Scores of movie stars and producers are Friends of Bill, even if they've been a little low-profile about it recently. And all those cool lefty causes — Global Warming, confiscating firearms, helping The Children, saving the Rain Forest, and so on — have movie or recording stars pimping for them: Susan Sarandon, Alec Baldwin, Geena Davis, Rosie O'Donnell, and on and on. What kind of Hollywood types are spokesmen for Republicans? Charlton Heston, a total geezer. With rare exceptions (Tom Selleck, Ahnuld Schwartzenegger), Republicans are just too uncool. I mean, look at Trent Lott's hair! Liyeeek, where does he get it styled — Kmart?

Somebody once said that politics is Hollywood for ugly people. For many products of today's pathetic "education" system who want more than life back home can offer, so-called journalism is the next best thing to either one. After all, many if not most Washingtonians in the news business (and in politics, too) come from backwaters in Fly-Over Land, having grown up in deadly ordinary surroundings. For many of them, coolness is the ultimate virtue. And Washington is so much cooler than Back Home.

They get off the plane in the Imperial City from Ardmore, Oklahoma, and Rapid City, North Dakota, to serve as interns, whether in a newsroom or in Congress. If they're unlucky, they get stuck at a minor agency in a minor department, or, if their parents are unlucky, at the White House. Most are just awed by the glamor of it all. They, too, want to go to concerts at the Kennedy Center, to eat at the fancy restaurants, to live in a swanky place on a tree-lined street in Potomac or Georgetown or off Foxhall Road. They, too, want to rub shoulders with Important People, and Walk the Corridors of Power. And so they eagerly buy in to the dress, speech patterns, and ideologies of the people they want to emulate — whether those be politicians or newsies. The more enterprising ones read Washingtonian magazine to find out what to wear, what to eat, and where to shop; and the Washington Post and the New York Times to know what to think and what to say. The less intelligent ones become Republicans.

A women I met about fifteen years ago is a case in point. She came to the Imperial City fresh out of college, a Republican farm girl from Oregon — and she loved it here. Although she had taken journalism classes, she more or less retained a certain conservative attitude when it came to politics and social issues. She managed to get a job as a gofer at ABC News, and the longer she worked there, the more her attitudes changed. After four years or so, she was working for "Nightline," and her views and lifestyle had become indistinguishable from those of any run-of-the-mill Democrat specimen of what a friend of mine calls "the Capitol Hill Puke." [5]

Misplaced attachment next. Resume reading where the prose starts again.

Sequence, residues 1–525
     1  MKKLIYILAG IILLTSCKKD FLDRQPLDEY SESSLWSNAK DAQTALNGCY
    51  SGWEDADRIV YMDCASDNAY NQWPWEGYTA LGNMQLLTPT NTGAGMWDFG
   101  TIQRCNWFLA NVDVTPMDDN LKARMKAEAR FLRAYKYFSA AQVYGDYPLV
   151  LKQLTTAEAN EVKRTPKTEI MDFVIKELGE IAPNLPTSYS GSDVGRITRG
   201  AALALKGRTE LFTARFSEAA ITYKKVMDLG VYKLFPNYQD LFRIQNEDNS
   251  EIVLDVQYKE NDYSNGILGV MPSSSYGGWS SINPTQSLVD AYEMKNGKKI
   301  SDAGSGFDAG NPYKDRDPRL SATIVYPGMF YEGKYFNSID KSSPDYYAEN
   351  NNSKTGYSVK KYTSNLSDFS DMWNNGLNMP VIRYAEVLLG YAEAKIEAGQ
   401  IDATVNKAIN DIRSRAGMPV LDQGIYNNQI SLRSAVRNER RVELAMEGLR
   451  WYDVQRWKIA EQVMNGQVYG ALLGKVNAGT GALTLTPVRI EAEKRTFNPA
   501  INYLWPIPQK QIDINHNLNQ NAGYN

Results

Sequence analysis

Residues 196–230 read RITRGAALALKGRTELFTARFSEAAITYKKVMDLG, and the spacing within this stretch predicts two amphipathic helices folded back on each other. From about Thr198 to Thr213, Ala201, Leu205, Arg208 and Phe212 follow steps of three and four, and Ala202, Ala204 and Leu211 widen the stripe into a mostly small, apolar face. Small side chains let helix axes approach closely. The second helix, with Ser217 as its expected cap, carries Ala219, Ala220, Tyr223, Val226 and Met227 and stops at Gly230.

Not all fit that pattern. Some come from the ruling classes themselves and/or have been educated in the Ivy League. They're more likely to go into politics than snuffle around in a newsroom. But whichever way they go, most of the scions arrive already fitted out with the proper ruling-class attitudes and grooming habits, and serve as models for the yokels to emulate. [6]

Even for those who never make it to Washington or New York, the news business can still be a route to relatively high status. According to an article in the Washington Times, the Moonie-owned alternative to the mainline-establishment Washington Post, newspaper people are no longer the ink-stained working-class wretches portrayed in "The Human Comedy" or "The Front Page." They've come up quite a bit in the world, at least in medium-sized Middle American cities. The article reported results of an investigation by Peter Brown, Sunday Insight editor for the Orlando Sentinel, who did one survey of newspaper reporters and editors by looking at their home addresses, and another based on a poll of their views, attitudes, etc., contrasted with those of randomly selected residents in Dayton, Ohio; Tulsa, Oklahoma; Syracuse, New York; Roanoke, Virginia; and Chico/Redding, California. Brown found that, while only 18 percent of the public in those cities had incomes of more than $50,000, 42 percent of the "journalists" did. And 30 percent of the newsies said they had to make $40,000 "just to make ends meet," while only 12 percent of the public said so.